Cicero, Everitt | But What For Notes


Cicero: The Life and Times of Rome’s Greatest Politician
Anthony Everitt
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  • Their loyalty was to their commanders, whom they expected to make the necessary arrangements, and not to the Republic. Unfortunately, land was in short supply… The state owned a good deal of land throughout Italy and in theory this could be distributed to returning soldiers or the urban unemployed, but much of it had been quietly appropriated by wealthy landowners. These eminent squatters were extremely difficult to dislodge. Many of them were Senators and they fiercely resisted any proposals for land reform.
    • Page 17
  • They learned the names of letters before their shapes, singing them in order backwards and forwards; they then graduated to combinations of two or three letters and finally to syllables and words. Knowledge was acquired through imitation and repetition, as with learning fencing or some other sport. Hence the Latin word for school, ludus, also means “game”.
    • Page 28
  • As his education proceeded, Circero met the full force of an inherent schizophrenia in Roman culture. There was a widespread belief that traditional values were being undermined by foreign immigrants. 
    • Page 34
  • “Victories in the field”, he commented, “count for little if the right decisions are not taken at home.” Seeing that the whole state was splitting up into factions, and that the result of this would be the unlimited power of one man, he retired into the life of a scholar and philosopher, going on with his studies and associating with Greek scholars.
    • Page 45
  • Personally, I am always very nervous when I begin to speak. Every time I make a speech I feel I am submitting to judgement, not only about my ability but my character and honor. I am afraid of seeming either to promise more than I can perform, or to perform less than I can, which suggests bad faith and indifference.
    • Page 58
  • Just as in the music of harps and flutes or in the voices of singers a certain harmony of the different tones must be maintained… so also a state is made harmonious by agreement among dissimilar elements. This is brought about by a fair and reasonable blending of the upper, middle and lower classes, just as if they were musical tones. What musicians call harmony in song is concord in a state.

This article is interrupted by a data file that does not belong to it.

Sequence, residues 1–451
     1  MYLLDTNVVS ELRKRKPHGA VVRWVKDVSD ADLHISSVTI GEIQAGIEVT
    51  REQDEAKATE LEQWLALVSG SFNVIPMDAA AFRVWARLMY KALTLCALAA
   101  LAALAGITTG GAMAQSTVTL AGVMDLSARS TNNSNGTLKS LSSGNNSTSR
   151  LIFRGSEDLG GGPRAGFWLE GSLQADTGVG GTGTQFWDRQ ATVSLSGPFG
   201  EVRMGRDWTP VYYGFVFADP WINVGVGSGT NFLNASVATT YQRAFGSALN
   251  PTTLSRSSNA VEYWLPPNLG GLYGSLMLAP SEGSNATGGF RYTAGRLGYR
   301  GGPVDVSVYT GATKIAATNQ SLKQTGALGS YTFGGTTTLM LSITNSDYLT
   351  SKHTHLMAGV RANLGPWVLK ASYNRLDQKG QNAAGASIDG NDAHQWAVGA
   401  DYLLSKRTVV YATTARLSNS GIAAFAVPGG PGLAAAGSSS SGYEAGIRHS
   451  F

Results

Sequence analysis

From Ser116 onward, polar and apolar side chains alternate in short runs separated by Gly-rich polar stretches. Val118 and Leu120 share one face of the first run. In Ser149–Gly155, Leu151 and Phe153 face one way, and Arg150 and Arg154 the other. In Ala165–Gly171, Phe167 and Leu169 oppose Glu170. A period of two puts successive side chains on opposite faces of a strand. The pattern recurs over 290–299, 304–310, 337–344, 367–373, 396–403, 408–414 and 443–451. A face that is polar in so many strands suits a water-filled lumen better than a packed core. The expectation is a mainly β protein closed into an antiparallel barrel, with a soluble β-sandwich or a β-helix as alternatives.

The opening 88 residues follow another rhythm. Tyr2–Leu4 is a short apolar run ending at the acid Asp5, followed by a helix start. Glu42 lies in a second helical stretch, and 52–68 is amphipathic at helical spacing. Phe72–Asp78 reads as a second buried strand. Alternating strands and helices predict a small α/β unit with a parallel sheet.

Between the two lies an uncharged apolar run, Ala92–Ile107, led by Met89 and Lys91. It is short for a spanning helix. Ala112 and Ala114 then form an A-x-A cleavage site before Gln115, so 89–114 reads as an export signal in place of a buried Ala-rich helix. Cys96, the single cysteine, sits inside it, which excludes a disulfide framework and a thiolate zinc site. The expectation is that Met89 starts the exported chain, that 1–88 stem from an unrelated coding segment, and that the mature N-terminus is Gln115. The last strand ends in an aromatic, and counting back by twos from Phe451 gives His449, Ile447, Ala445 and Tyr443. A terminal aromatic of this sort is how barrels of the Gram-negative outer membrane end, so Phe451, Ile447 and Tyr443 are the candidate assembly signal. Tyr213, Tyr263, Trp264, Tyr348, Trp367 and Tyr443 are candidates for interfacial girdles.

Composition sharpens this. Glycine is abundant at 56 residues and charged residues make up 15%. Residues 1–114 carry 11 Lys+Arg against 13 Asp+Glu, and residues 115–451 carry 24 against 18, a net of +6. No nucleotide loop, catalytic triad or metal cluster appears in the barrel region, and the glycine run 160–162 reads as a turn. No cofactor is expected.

• Page 67
  • Privately, he mocked himself for “a certain foolish vanity to which  I am somewhat prone.”
    • Page 113
  • In the eyes of the Senate, the integrity of the constitution was at stake, and in particular the fundamental principle that no single member of the ruling class should be allowed to predominate. This was the cause for which the optimates had driven Pompey into the arms of Caesar and Crassus… The Senate acted in ways that made its worst fears likely to come to pass. It lost control of the domestic security situation and now found itself compelled to do what it most wanted to avoid: give yet another special command to Pompey. 
    • Page 153 
  • When the town fell, Caesar found about 50 Senators and equities in it, all of whom he released on condition that they not take arms against him again – an assurance many of them swiftly broke. This act of clemency had a huge impact on public opinion, which began to swing in his direction, and a number of optimates returned to Rome. Caesar maintained this policy of leniency for the rest of his life. He intended it as a vivid proof that he was no Sulla, set on the armed overthrow of the state.
    • Page 210
  • “I do not reject peace,” he said, “but I am afraid of war disguised as peace.”
    • Page 301